reelblue, llc, is a media production company that specializes in stories about global health and the environment that seek to inspire social innovation and communicate the connections between people and the natural world. We serve as both a think tank and studio, from concept to distribution, for individuals, non-profit organizations and corporations who want to communicate their ideas and knowledge through mass media, including film, television, print and the internet. Using our backgrounds in environmental science, public health, journalism and filmmaking, our work is unique, educational and entertaining.

about us

 

Sachi Cunningham, MJ

Sachi Cunningham is an Assistant Professor of Journalism at San Francisco State University. Previously she was a staff video journalist at the Los Angeles Times, where she covered national and international stories from the oil spill in the Gulf of Mexico to the historic El Niño big wave season of 2010. Prior to the Times Cunningham worked on the staff of the PBS news documentary series FRONTLINE and FRONTLINE/World, where she covered stories around the world, from the first Presidential election in Afghanistan to sex trafficking in Dubai. The Emmys, Webbys and Pictures of the Year International, among others, have honored Cunningham’s work. A graduate of UC Berkeley's School of Journalism and Brown University, Cunningham’s stories focus on the ocean environment. Her camera has taken her in the water with 350-pound blue fin tuna and Michael Phelps. With a decade of experience in feature films and commercial productions in Hollywood prior to her career in journalism, Cunningham’s stories are both entertaining and informative. She is a co-founder of reelblue, LLC, a media production company with Jennifer Galvin. An avid surfer, when not crafting stories, Cunningham can be found bobbing in the Pacific with her husband, eyes fixed on the horizon, waiting for the next wave.

Jennifer Galvin, ScD, MPH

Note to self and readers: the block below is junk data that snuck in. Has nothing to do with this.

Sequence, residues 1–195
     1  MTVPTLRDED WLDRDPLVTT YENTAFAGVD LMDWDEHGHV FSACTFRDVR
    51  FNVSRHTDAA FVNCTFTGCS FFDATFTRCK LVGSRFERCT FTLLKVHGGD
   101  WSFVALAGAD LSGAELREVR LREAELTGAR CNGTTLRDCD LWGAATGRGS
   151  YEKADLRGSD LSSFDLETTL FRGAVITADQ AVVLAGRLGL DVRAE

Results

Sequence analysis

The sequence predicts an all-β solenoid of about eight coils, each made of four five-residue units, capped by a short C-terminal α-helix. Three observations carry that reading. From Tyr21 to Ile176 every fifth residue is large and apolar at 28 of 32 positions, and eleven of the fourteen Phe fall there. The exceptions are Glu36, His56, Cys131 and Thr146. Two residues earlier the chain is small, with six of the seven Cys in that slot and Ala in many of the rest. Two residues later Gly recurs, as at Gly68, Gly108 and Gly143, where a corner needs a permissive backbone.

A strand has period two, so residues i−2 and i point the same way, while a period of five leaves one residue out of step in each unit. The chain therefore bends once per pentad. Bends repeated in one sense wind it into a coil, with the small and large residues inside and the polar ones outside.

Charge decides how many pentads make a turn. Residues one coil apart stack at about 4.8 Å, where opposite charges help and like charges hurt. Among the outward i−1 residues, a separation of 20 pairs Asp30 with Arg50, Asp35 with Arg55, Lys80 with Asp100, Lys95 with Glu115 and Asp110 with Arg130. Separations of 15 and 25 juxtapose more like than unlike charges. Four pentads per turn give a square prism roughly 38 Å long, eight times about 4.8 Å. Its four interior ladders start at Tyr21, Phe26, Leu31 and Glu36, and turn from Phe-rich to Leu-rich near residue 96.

Determined to drive societal progress and connect people with social and environmental challenges, Dr. Galvin combines three areas of expertise and accomplishment: science, media, and catalytic investment.  She turns resources – both human energy and financial capital – into impact through idea deployment, analysis, networking and collaboration. She finds new ways to bring story into any project’s DNA and builds effective levers for individuals and entities that amplify strategies at the intersection of health, environment, and innovation. As an environmental health specialist, her investigations and communications have contributed to a greater understanding of global health, particularly for island and coastal populations. She forged the discipline now known as “Ocean and Human Health”; her master's thesis at Yale became the founding paper for the world’s first International Center for Ocean and Human Health, she’s a contributing author to Oceans and Human Health: Risks and Remedies from the Seas, and she served in an advisory role for Harvard Medical School’s Center for Health and the Global Environment. Galvin holds a Doctor of Science (ScD) in environmental health from the Epidemiology, Exposure and Risk Program at the Harvard School of Public Health, a Master of Public Health (MPH) in environmental epidemiology from Yale University, and a Bachelor of Science (BS) in aquatic biology from Brown University. As a founder of reelblue, she produces, directs, and shoots documentary and fiction films. Her award-winning feature documentary Free Swim, together with its companion book We, Sea and guide Free Swim Guide for Educators + Changemakers, has traveled the globe to reduce youth drowning, promote diversity in ocean-related sports, and ignite community coastal conservation. For this work Galvin earned a top NYFA-NYSCA grant, won a Patagonia-sponsored award for relating sports stories to conservation, and graced the homepage of TakePart.com. A selection of her work includes: DAWG (in development); Wayfinder (in development); Appalachia (in development); Heading North (in development); Unwired (in development); Give A Dam (in production); Chores (2011); Eating The Ocean (2010); Contact Zone (2010); Free Swim (2009); La Transition (2009); Once Upon A Tide (2008); We, Sea:  Photographs and Words from the Children of South Eleuthera (2007); Caguayo (2006); Healthy Ocean, Healthy Humans (2005). From print to visual storytelling, Galvin’s internationally recognized as a narrative guardian connecting art and science – and inspiring social transformation. She was selected to the American Film Institute's 2004 Catalyst Workshop for science storytelling and screenwriting, and to the 2006 Pan Caribbean Project for Environmental Film and Wildlife Documentaries Residency held at EICTV, Cuba. Galvin also leads a charitable foundation that deploys catalytic investments to improve the planet. As program director, selection committee chair, and trustee of the Henry David Thoreau Foundation, she directs dollars to the next generation of environmental leaders through institutional programs and undergraduate scholarships. She is a member of New York Women in Film & Television, Pleiades Women’s Leadership Network, the ICAIC Muestra Itinerante de Cine del Caribe, and on the boards of Rocking the Boat (Vice President), San Francisco Green Film Festival, Swim to Empower, and Storytellers for Good.